Business perspective on cloud computing
Does this mean that cloud solutions are a no-go area? No, as mentioned in one of my previous blogs, cloud computing provides a wide range of opportunities that will help to leverage eCommerce services.
As the current business climate is still unpredictable, business organizations like to gain agility with variable, volume-based costing models. It allows them to be more flexible than ever before.
The benefits of cloud computing are obvious and can be grouped into three categories.
IT on demand- This category emphasizes the IT functionality available “at a finger click.” These characteristics are improved:
- Flexibility and scalability
- Availability and manageability
- Time to market
- IT resource independency
Service portfolio- This category underlines the ability to quickly add business functionality; the key features are:
- New (reliable) functionality
- Responsiveness to market
- Location independence
Cost optimization- This category contains the benefits that come with the new financial models of cloud computing like:
- No or less CAPEX
- Costs aligned with usage
- “Pay as you grow”
So, what is new?
There is a lot of fuss about cloud computing. Is it a revolution? No not really, many cloud computing services have been available in the market for many years. Is it about new technology? No, the IT systems are being used for many years. Is cloud computing the next step in the IT as commodity evolution? That’s the most reasonable answer. Based on the increased network capacity, IT services/solutions have become available through the internet. IT services have become location independent, and due to virtualization, the services can be used in almost any business format. Is it a new flavor? If we put cloud computing in the business perspective it can be seen as a new service model. Until now we had two service options: make or buy. With the introduction of cloud computing services, we have an additional option: rental, also known now as cloud computing.
Control demand management and IT roadmap
As described in my blog Increasing Complexity of Managing a Global e-Commerce Function, it is essential to channel the demand from multiple directions of the organization. The need to channel these demands is increasing to avoid conflicting directions which will jeopardize the ability to manage the IT (internal/external/cloud) solutions in an effective way. If not managed well, the change for creating sub-optimized solutions is plausible.
The tool used to map available cloud computing solutions in the overall IT roadmap is not critical, as long as the process is being followed. During the mapping, a validity check needs to be performed on the fundamentals: architecture validity, economic validity and business risk containment.
Beneath a graphic overview of how this can be done: If such an IT Transformation roadmap has been created it has to be maintained. As cloud solutions in the market mature and many new solutions are being offered rapidly, the need to perform a periodic review and map the available services/solutions into a roadmap is more needed than ever. If a SaaS (Software as a Service) solution has been implemented it becomes an integrated part of the application portfolio. Be aware that probably not all applications in your portfolio are cloud ready (can be virtualized) and therefore can put boundaries on your ability to migrate solutions to the cloud.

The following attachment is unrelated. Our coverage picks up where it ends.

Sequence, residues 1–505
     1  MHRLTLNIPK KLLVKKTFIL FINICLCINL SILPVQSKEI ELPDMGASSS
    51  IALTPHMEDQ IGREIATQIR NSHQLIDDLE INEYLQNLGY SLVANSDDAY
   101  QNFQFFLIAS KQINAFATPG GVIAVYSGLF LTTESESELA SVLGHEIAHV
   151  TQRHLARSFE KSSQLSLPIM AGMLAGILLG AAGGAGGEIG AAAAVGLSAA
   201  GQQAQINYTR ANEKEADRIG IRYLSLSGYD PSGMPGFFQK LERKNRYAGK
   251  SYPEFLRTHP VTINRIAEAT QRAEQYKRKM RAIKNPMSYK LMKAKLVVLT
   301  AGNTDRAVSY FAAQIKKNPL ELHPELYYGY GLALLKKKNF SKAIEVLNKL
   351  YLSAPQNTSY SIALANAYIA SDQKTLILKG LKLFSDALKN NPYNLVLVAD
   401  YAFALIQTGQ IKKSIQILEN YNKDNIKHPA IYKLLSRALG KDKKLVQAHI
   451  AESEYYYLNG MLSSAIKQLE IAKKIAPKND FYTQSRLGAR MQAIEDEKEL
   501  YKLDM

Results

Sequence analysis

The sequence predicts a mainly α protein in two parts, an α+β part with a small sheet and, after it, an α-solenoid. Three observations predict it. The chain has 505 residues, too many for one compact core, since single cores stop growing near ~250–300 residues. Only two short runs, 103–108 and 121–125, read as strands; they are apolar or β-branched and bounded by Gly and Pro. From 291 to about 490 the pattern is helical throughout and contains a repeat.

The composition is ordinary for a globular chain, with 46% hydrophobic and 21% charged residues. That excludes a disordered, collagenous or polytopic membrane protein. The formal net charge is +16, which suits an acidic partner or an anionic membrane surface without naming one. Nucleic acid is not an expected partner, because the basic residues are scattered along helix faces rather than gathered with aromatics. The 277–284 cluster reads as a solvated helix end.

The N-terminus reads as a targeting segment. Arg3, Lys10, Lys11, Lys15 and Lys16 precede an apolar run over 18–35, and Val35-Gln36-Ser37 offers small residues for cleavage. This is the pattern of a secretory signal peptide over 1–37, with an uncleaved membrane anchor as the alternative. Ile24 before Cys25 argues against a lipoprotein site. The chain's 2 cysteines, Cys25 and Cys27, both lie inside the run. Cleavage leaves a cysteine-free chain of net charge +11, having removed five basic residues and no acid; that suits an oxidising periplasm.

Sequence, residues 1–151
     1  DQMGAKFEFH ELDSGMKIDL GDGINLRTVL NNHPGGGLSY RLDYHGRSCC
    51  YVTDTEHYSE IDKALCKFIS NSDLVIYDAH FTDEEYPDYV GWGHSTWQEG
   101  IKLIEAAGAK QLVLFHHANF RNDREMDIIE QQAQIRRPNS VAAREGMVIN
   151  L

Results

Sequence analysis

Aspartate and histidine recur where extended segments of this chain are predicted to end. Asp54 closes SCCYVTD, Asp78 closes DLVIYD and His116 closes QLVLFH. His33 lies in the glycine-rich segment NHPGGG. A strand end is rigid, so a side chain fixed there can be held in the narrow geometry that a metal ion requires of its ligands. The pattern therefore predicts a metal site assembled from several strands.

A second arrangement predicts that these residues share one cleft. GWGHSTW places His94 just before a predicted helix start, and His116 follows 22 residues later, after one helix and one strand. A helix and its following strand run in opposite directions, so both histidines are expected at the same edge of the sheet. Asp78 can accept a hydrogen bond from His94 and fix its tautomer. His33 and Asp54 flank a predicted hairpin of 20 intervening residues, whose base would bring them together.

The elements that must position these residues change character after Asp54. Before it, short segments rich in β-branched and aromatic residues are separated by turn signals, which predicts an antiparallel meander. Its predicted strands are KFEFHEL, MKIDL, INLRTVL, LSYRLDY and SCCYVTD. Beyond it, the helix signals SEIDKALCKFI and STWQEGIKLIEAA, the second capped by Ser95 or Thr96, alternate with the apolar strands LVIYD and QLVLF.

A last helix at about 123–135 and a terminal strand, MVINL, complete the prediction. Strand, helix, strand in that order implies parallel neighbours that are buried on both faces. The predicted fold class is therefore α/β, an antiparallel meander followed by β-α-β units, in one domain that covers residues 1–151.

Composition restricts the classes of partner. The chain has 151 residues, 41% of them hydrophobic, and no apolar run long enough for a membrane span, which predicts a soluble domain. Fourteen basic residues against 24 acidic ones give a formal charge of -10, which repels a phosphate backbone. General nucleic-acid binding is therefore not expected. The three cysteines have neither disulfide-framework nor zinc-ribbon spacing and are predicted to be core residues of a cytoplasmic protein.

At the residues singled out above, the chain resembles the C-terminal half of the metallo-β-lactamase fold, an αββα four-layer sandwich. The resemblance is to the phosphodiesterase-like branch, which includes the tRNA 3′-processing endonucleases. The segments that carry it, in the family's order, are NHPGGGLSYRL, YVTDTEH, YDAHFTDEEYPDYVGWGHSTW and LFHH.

In my next blog I will provide more insight on the basic steps to select and implement a cloud solution.
With 24 simultaneous learning and information tracks, each meeting eight times over a three day period, there is no shortage of information for attendees of CSCMP’s annual global conference.
Within that much content and choice, it can be at times hard to find the sessions that provide real value and new insights. I would love to see the CSCMP consider taking a more aggressive approach in pruning the content—maybe by as much as half—and be more disciplined in the track themes and structure. There were many cases where competing sessions had similar themes and where attendance was sparse.
That said, I must take my hat off to all those that put the effort in, mostly on a voluntary basis, to pull together tracks, sessions and presentations. Having been responsible for the logistics of just one session I got a sense of the scale of the task of pulling together an event such as this.
This is an event that is closing in on its 50th year and still attracts 3,000 supply chain professionals, so they must be doing something right. I have found it worthwhile to attend for what is my sixth time (which still makes me a newbie in CSCMP circles) and each year I find sessions that shed new light on my perspective on supply chain and I add a few more people that I will try to follow up with in the future.
The learning from the event comes from a combination of seeing the themes that are trending in the sessions—to use a twitter analogy—and finding those sessions with real practitioners that have achieved amazing things in their supply chain and the visionaries that challenge your thinking on the future of supply chain.
Trending strongly this year were risk management and the impacts of e-Commerce in supply chain.
Risk management has always featured strongly at the conference and the events of Japan and Thailand are still fresh in the memory. Geo-tagging of supply base and extending visibility beyond the initial tier 1 suppliers are becoming accepted best practices, but there is recognition that just improving visibility is not enough. A prioritized approach to risk mitigation such as the Value at Risk metric developed by the Supply Chain Council is needed to quantify risk impact and inform risk mitigation decisions. It was also interesting to see executives challenge the blunt instruments of additional inventory and dual sourcing as potentially effective but expensive tools in managing risk. It is no secret that we at ModusLink are strong proponents of the role of postponement in addressing risk and it was refreshing to hear senior supply chain executives echo that sentiment.